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    We Still Need to . . .

      Save whales

    When I was kid in the early 80s, collecting stickers was a big deal. This was well before roof-top sport boxes, so we used sticker books. Among the favorites in my modest collection was a bright and glittering one that shared coveted centerfold real estate with all of the scratch-n-sniffs. It was huge and bright - mystic blue on mylar - with a gracefully posed cetacean and the phrase "Save the Whales" arcing across the bottom border. Because of that sticker, I would take note whenever I saw the phrase elsewhere - over my dad's shoulder, say, when he read the paper - or overheard a story about whales on the news. For me, the call to "Save the Whales" marks my first glimmering awareness of people mobilizing on behalf of endangered animals. It's my oldest memory of environmental activism at work.

    I was 11 when the moratorium on commercial whaling went into affect in 1986, which means I was too busy hunting frogs in the woods to pay attention to the news. By the time I'd tune back into environmental issues, the cry to "Save the Whales" had become something of a mnemonic device - for environmental groups, the phrase conjured memories of a long-fought but ultimately successful struggle to do right by the Earth. Our small local advocacy group would look back at the fight to save the whales to galvanize ourselves for a new crusade to save the spotted owl and the vast stands of ancient trees it called home. By the early 90s, 7 of the 9 remaining whaling countries had renounced the activity, and by the turn of the century three separate oceanic Whale Sanctuaries had been proposed and/or created. The whales, it seemed, would indeed be saved.

    A recent decision from the Obama administration stands to change all of that.

    [Photo: Larry Wan courtesy of Western Alliance for Nature]

    Whale2 On April 15th the U.S. announced that it was leading an effort to broker an agreement that would allow commercial hunting of whales for the first time since a moratorium was enacted in 1986. This proposal would legalize commercial whaling and would leave enforcement of quotas to the same nations that have been in violation of the current moratorium - Japan, Iceland and Norway. Further, the agreement would allow the killing of whales in the Southern Ocean Whale Sanctuary. This commercial whaling would be legalized for 10 years. It also ties the current quotas on gray whales to the commercial quotas. Scientists and volunteer observers know that the gray whale population may be experiencing problems; calf counts have been down for the past four years and dead emaciated grays are washing up on shore. Despite this, these quotas would be set for 10 years without the ability to periodically review those quotas and without current population data.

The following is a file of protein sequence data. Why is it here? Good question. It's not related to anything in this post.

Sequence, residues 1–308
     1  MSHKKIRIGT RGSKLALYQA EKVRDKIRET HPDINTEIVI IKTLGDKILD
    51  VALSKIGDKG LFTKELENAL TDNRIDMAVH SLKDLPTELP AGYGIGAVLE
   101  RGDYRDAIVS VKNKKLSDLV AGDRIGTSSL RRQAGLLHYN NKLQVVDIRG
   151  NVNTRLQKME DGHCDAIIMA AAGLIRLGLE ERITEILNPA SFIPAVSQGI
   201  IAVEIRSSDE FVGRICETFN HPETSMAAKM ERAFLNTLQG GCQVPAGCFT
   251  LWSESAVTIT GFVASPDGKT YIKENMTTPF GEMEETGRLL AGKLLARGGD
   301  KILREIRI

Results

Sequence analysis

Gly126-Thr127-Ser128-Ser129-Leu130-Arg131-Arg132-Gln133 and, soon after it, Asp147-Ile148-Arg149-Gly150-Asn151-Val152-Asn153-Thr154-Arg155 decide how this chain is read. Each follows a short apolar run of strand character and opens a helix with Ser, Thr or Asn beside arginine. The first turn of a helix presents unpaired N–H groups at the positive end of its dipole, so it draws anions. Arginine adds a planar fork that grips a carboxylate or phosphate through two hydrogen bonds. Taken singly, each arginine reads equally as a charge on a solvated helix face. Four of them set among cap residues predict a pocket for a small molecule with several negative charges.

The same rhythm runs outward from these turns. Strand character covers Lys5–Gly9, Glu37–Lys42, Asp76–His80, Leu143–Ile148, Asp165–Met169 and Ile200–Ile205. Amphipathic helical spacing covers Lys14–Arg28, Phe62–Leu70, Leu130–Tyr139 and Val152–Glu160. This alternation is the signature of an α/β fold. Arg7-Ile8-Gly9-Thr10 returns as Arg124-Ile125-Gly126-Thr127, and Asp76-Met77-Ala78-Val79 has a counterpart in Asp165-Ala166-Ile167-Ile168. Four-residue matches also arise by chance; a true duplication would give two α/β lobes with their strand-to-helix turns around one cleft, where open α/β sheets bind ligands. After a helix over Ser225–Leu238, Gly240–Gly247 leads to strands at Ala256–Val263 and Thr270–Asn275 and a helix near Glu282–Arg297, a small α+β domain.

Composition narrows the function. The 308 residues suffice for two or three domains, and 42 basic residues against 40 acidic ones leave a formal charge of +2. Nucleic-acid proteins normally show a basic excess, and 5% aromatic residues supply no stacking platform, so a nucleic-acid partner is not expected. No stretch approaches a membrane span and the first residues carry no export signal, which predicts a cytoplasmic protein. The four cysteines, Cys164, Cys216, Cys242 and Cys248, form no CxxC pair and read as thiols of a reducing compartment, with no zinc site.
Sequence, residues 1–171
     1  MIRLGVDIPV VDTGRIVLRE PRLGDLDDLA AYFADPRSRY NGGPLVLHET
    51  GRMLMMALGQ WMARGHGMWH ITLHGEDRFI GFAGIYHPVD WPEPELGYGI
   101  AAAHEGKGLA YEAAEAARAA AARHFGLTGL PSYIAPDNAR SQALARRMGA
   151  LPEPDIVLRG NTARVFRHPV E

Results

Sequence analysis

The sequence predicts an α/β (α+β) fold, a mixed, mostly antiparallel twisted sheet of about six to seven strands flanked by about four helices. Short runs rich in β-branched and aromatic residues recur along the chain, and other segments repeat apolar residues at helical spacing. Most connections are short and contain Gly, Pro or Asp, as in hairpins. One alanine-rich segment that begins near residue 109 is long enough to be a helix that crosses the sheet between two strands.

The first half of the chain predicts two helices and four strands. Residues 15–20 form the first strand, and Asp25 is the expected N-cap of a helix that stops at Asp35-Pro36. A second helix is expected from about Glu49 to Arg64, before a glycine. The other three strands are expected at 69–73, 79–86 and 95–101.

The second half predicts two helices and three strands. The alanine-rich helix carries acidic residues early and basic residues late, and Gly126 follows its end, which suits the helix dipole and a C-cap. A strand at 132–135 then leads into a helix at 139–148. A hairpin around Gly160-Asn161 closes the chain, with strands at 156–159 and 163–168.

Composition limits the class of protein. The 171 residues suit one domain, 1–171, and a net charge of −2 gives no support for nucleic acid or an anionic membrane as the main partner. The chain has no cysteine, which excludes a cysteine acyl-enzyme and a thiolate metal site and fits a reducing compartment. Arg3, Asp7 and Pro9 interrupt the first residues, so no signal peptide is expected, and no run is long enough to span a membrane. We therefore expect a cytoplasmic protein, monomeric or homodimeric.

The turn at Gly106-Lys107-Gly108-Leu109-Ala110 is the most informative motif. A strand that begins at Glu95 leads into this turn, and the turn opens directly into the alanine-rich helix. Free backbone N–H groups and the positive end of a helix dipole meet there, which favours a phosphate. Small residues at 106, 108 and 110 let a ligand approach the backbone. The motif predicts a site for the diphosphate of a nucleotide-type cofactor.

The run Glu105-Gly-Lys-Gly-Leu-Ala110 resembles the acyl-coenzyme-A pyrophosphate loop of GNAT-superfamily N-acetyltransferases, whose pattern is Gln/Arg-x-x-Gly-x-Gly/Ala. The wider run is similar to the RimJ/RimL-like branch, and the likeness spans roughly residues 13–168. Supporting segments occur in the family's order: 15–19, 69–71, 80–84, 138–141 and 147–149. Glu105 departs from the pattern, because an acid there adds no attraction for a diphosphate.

As part of the 'deal' to allow the resumption of commercial whaling, the International Whaling Commission (IWC) Scientific Committee will meet on May 30th to decide on quotas for the gray whale. The IWC members have drawn up an agreement which could see a quota of 140 gray whales a year being hunted and killed for 10 years without periodic review and without current abundance estimates. The International Federation for Animal Welfare has assembled a list of actions you can take right now to help stop this deal.

    As in many places throughout the world, whale watching is an important part of the tourist economy for coastal California. Just over one month from today, on May 23rd, simultaneous demonstrations will be held at 10 a.m. in locations throughout the coast of California to express our opposition to the commercial hunting of whales. Make your voice count and help save the whales by taking action through the IFAW's website, and more importantly, by attending one of the local demonstrations listed below.

    For more information on where you can get further involved in this effort please contact:

    Western Alliance for Nature
    Phone:323 345-1555

    SAVE THE WHALES DAY - MAY 23rd, 2010 

    Demonstrations are scheduled for the following counties. More details for each event can be found here.

    Participating California counties: Del Norte, Humbolt, Los Angeles, Mendocino, Monterey, Orange County, San Diego, San Luis Obispo, San Mateo, Sonoma, Ventura

    [Photo: Larry Wan courtesy of Western Alliance for Nature]

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